Chocolate-hazelnut brownies

Chocolate-hazelnut brownies

The other week I tried Sweets Made Here’s Ferrero Rocher Cupcake Recipe, and while I loved the results (as did all of my tasters), I did feel that the cupcake part of the product got dry really, really fast (a problem with cupcakes).  Also, eating them was a messy process.

So, the idea came to me to simplify and reorganize.  I have a brownie recipe I adore, after much testing, maybe I could jazz it up?

Ohh yes, I certainly could.  The idea was simple: One pan of brownies (jazzed up with hazelnuts and Frangelico); use the back end of a wooden spoon to poke holes in the warm brownies; fill the holes with Nutella; spread chocolate chips (or callets) on top and heat to melt; sprinkle chopped hazelnuts on top.

They are… amazing.  I’ve served them at parties twice now, and after a couple of hours not a crumb was left.  Plus, I could hear people telling other folks who hadn’t had them yet about them.  There was much raving.  And now, I share with you!

Chocolate-Hazelnut Brownies

(Brownie recipe adapted from Hershey’s Easy Baking, a book someone gave me as a gift last year)

Makes 1 9×13 pan



1 cup butter
1 cup white sugar
1 cup brown sugar
2 tsp Frangelico or Hazelnut extract
4 eggs
3/4 cup Ghirardelli cocoa (I found this has the best flavor, compared with a number of other similarly-priced or cheaper cocoas)
1 cup AP flour (I use White Lily)
1/2 tsp baking powder
1/4 tsp salt
1 cup chopped toasted hazelnuts, skins removed as best you can.


About 1/2 cup nutella.

About three handfuls of chocolate chips and/or bittersweet callets (I have used both Callebaut 60/40 callets, and Ghirardelli bittersweet chocolate chips for this; both work just fine)

1-2 cups chopped toasted hazelnuts, skins removed.

1. Heat oven to 350F.  Grease 13x9x2 baking pan.  For a much easier time of life, line the pan with heavy foil and grease that.  Cutting brownies gets much easier this way.

2. Melt butter.  Stir in sugar and Frangelico/extract.  Add eggs, one at  a time, beating well after each addition.  Add cocoa, beat til blended.  Add flour, baking powder, and salt, beat well.  Stir in nuts.  Pour into prepared pan.

3. Bake 30-35 minutes or until edges begin to pull away from sides of pan.

4. After removing from oven, use the reverse end of a wooden spoon to poke holes into the brownie at regular intervals.  (depends on how much you like nutella.  I think I ended up making holes about every square inch 🙂  Fill with nutella while brownies are still warm (I used a piping bag and a medium round tip; you could use a sturdy plastic baggie.  Very sturdy, as in freezer-strength; the nutella is stiff enough that it’ll split a standard sandwich bag.)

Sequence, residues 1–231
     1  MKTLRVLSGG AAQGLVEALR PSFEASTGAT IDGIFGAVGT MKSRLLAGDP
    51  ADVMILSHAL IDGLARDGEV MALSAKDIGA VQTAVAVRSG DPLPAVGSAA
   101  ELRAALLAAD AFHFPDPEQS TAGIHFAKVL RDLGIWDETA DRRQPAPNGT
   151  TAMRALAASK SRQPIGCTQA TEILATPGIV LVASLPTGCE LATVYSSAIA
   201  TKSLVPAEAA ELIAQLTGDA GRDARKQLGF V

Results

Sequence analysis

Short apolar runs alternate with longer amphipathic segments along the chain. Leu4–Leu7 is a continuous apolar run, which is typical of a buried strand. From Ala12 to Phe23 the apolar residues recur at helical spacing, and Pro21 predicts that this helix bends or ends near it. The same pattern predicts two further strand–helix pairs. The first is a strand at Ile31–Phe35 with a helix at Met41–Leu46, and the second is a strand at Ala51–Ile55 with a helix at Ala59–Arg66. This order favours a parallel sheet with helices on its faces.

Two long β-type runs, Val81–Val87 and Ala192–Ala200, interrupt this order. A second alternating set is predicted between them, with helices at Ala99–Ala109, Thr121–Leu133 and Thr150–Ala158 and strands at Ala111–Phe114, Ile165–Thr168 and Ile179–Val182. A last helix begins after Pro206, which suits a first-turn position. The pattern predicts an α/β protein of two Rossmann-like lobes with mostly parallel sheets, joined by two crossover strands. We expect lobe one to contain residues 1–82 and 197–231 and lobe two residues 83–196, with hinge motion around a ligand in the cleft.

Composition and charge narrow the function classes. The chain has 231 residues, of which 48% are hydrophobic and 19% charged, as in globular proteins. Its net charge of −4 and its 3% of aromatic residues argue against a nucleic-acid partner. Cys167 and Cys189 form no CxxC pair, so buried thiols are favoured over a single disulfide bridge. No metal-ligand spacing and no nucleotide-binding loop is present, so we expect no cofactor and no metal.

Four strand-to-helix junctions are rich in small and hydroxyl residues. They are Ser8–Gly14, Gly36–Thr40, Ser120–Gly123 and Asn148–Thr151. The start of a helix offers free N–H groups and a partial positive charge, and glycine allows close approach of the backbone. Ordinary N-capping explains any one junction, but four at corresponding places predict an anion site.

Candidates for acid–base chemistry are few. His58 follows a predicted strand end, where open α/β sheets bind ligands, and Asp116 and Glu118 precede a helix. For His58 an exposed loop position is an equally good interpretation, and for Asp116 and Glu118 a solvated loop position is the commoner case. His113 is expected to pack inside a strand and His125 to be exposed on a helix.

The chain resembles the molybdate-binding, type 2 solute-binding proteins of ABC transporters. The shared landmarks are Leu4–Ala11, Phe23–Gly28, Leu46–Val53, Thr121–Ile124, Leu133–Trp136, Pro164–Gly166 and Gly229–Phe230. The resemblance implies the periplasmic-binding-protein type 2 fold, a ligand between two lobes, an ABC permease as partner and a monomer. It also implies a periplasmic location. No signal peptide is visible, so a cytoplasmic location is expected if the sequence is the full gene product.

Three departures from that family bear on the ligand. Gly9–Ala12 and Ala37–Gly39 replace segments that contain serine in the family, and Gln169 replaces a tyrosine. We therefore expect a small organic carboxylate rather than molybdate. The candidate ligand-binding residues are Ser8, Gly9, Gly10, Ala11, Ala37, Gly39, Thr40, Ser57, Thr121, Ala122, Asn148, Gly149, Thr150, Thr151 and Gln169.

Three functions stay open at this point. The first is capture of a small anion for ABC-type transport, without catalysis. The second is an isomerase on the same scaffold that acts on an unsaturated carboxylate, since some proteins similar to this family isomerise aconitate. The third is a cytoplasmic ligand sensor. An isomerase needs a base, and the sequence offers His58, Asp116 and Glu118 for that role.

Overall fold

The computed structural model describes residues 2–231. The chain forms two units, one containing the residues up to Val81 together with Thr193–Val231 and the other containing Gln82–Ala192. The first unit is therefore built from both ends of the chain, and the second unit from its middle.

5. Sprinkle the chocolate chips on top of the brownies, and return to oven for a couple of minutes to soften/melt.  Spread evenly over top of brownies using a spatula or some other tool.  Sprinkle the nuts on top while chocolate is melty.

6. Cool completely in pan.  Cut into bars.

Now, if you use straight-up chips for the top, when it’s completely cooled, what you’ll have is solid chocolate, which can fragment when you cut it.  Best to cut it when it’s only mostly solid; or make some kind of ganache frosting (too much work for me!).  If you don’t care if it’s melty (as in, people will be eating them in 30 seconds flat anyways), just cut  them up while it’s still gooey.  I have found, though, that the brownies are soft enough that they want some time chilling in the fridge (or outdoors) to firm up enough to cut without falling apart.  If you want to individually wrap these suckers for storage in the freezer, or gifts, I’d advise cutting while semi-solid, then chilling until fully solid, then wrapping.

But who are we kidding, like they’ll last that long!   Ha.

I mean, who could resist this:

Pan full o' brownies.

Pan full o’ brownies.

Topside of the Dobos Torte

Topside of the Dobos Torte

I have a fondness for European-style desserts that require some fussing. They’ll probably never be cost-effective enough for me to sell them wholesale (although I’m happy to make them for special occasions), but there’s just something wonderful about the final product of a million fussy little steps.

The Dobos Torte is one such, and I made one a few weeks ago. The recipe came from an absolutely lovely cookbook called Kaffeehaus by Rick Rodgers, that is a compendium of all things Austrian and pastry. I love this book.

The Dobos Torte is described as follows:

“Five thin layers (no more, no less) of vanilla sponge cake, each slathered with chocolate buttercream icing, and topped with wedges of caramel-glazed cake.”

Side shot of the Dobos

Side shot of the Dobos

Here you can see the prescribed five layers – and that they’re not exactly what you’d call even… I started out afraid of using up all of my sponge batter and so made a couple of very thin layers, and then ended up making one big one at the end. Oops. Well, when you slather it all in fabulous chocolate buttercream and sugar, nobody notices. I sure didn’t.

The caramel wedges are being propped up by hazelnuts.

I’m not typing the recipe in, because it’s three frickin’ pages long. There’s one that makes a square torte, one that looks vaguely similar to this one, one from Gale Gand with the ugliest looking picture (I’m so not kidding; I wouldn’t even eat that cake), one that is seriously, seriously wrong (I mean, frozen poundcake, chocolate chips, and sweetened condensed milk? OW MY BRAIN), and an eGullet recipe that is totally different from the others, yet looks darned tasty. So, let inspiration take you!